Dancefloor Caballeros

Curtains up, shot on – Blackout
Cuba – a few decades after the glorious victory of the revolution.
Havana’s DJ-Guerrilleros on their literacy campain for electronic music.
From the capital to the rest of the island.
17 people, no bus so far and only 23 hours till the first concert.
But there’s still one more possibility left…


  • - "Dancefloor Caballeros" and Dirk Böll at Hackesche Höfe Kino

    In the context of AG DOKs film selection our production “Dancefloor Caballeros” (2006) will be screened on Wednesday, 7th May [...]

    In the context of AG DOKs film selection our production "Dancefloor Caballeros" (2006) will be screened on Wednesday, 7th May 2014, 5.30 p.m. at Hackesche Höfe Kino, Berlin. Director Dirk Böll will attend too and would love to have  questions & answers after watching the film. "Dancefloor Caballeros" doceumenty the journey of a Cuban DJ-Crew doing the first Techno-Tour through Cuba. Their have never been a Techno-Gig before, except in Havanna. The evenings concept: "Directly captured" ("Ins Offene"). Every first Wednesday, they show films which are in the style of the direct cinema genre which was popular in the 1960s. The camera directly captures the reality for a conematic realism.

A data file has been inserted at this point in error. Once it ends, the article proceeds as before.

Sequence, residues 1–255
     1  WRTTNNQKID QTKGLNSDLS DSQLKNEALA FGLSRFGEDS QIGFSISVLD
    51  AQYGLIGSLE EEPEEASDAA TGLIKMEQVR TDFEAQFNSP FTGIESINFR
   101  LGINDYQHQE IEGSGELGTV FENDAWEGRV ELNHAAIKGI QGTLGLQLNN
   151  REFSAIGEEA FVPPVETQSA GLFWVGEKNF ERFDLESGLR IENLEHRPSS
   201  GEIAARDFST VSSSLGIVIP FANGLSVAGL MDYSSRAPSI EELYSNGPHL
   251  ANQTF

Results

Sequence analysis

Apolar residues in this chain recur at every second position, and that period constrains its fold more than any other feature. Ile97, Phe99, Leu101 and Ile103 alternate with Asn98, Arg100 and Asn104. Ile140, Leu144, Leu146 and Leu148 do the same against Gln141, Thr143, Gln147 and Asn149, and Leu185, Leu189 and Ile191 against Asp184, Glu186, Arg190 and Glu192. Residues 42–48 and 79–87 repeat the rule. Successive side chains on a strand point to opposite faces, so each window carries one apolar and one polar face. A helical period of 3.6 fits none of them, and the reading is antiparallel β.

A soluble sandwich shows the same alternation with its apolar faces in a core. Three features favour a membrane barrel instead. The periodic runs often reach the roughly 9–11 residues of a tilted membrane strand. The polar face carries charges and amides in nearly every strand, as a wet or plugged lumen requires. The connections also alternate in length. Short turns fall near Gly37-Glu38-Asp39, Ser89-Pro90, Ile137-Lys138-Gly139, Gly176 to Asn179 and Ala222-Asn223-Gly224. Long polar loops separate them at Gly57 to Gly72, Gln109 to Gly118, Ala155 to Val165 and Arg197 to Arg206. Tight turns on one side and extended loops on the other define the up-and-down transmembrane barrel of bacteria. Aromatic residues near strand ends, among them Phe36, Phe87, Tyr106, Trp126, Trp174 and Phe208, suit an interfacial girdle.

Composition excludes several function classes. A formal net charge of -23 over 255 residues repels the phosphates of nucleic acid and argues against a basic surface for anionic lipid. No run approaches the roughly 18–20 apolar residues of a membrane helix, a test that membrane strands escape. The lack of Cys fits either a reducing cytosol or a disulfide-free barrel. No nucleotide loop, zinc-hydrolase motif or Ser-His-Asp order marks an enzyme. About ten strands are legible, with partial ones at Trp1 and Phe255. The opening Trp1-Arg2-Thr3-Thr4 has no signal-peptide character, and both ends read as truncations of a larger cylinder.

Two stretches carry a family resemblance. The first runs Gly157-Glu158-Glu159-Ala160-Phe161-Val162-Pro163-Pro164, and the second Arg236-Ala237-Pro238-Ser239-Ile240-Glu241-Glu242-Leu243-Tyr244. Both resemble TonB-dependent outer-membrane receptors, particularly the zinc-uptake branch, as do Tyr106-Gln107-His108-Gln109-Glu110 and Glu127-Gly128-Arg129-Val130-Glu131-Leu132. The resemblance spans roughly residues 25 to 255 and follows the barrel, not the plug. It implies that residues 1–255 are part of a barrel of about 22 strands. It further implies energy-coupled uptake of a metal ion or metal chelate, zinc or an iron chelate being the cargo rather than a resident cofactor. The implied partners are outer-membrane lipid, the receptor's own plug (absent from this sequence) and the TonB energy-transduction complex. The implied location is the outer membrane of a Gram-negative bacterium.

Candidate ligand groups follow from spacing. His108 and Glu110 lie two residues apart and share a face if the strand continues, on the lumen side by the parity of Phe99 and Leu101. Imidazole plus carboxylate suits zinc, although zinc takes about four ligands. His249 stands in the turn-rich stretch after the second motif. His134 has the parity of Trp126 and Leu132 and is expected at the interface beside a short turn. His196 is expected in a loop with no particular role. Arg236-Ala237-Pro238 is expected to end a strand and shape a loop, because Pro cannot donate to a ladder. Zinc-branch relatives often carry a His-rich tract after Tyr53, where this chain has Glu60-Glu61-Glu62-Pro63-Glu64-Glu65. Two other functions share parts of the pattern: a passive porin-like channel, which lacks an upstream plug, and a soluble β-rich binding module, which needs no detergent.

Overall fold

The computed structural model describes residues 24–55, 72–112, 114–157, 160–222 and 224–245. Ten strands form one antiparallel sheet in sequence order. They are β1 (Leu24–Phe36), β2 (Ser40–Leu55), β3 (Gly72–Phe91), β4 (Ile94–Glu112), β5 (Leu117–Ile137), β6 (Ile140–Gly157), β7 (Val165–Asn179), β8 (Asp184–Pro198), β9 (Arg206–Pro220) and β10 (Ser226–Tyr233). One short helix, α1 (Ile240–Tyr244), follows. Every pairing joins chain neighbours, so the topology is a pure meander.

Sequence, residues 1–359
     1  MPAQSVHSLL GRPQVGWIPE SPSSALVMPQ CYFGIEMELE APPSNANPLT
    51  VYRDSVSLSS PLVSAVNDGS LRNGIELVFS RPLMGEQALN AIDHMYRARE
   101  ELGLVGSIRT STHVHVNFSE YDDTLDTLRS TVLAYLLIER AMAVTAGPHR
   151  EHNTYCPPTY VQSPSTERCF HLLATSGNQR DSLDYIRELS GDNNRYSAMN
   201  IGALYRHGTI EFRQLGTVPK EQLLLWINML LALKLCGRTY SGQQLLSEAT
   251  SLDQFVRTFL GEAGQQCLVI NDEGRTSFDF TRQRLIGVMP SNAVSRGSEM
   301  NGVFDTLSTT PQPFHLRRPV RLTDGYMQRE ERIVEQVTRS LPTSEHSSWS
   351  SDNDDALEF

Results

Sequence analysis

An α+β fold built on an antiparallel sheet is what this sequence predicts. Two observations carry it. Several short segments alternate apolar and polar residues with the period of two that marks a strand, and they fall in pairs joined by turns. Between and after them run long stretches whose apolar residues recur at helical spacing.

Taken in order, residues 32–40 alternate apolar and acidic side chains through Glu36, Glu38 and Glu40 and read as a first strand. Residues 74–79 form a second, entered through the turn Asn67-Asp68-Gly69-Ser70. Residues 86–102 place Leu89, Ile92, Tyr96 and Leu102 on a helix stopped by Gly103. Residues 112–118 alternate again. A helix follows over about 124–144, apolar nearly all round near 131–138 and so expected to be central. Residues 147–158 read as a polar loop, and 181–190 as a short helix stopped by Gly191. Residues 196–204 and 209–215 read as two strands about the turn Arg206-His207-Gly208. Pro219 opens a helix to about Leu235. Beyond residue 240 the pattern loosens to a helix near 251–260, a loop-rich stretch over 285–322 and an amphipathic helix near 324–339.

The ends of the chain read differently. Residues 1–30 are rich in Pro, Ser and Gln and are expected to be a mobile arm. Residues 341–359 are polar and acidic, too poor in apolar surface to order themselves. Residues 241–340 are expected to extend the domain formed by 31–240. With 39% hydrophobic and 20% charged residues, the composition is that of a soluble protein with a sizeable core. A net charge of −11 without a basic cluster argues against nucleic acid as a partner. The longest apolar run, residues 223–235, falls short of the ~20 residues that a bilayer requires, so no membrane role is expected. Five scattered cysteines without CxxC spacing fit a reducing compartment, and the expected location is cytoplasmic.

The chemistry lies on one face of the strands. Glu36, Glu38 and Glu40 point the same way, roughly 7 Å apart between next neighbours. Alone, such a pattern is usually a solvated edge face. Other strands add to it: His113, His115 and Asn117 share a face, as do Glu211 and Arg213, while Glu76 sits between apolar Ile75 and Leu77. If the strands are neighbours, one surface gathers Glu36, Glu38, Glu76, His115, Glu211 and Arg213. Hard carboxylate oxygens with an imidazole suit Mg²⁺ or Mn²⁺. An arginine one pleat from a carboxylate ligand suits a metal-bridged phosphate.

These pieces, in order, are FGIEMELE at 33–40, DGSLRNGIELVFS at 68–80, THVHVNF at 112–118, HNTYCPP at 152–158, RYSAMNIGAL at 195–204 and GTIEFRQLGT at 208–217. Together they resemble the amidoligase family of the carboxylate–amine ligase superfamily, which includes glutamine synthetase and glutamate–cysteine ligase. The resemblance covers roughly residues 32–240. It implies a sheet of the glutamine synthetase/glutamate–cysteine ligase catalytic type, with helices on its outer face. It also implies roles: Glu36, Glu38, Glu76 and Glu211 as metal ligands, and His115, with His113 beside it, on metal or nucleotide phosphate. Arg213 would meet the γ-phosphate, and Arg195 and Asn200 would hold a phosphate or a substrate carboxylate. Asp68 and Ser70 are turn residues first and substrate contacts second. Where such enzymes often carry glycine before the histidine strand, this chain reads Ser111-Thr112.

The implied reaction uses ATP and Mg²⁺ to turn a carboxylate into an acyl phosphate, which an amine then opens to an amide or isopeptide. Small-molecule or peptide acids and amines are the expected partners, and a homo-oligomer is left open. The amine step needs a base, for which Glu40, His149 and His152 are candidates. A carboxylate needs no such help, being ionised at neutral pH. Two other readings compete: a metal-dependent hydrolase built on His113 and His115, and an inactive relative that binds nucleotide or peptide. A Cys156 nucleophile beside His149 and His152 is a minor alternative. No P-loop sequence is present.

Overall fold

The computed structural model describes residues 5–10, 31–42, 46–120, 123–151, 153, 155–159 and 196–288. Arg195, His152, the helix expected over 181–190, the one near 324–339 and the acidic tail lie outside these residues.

All about "Dancefloor Caballeros"
    Homepage AG DOK
    Homepage Hackesche Höfe Kino

Dancefloor Caballeros

A roadmovie about the trip through Cuba of various musicians and video artists from Havana, to play their electronic music for the people outside the capital for the first time.
When I observed the Cuban techno scene I always wondered how young people live outside of Havana, far away from any influence by tourists.
How do they get along with their compatriots from the capital?
Are they open for this kind of music?
What do they think of this music, that is danced to “by one million people at one Rave in Europe, brother!”(Quote Michel)
What kind of music do they listen to?
Is the peaceful global techno movement an answer to the “unfair neoliberal globalization”(Quote Fidel)?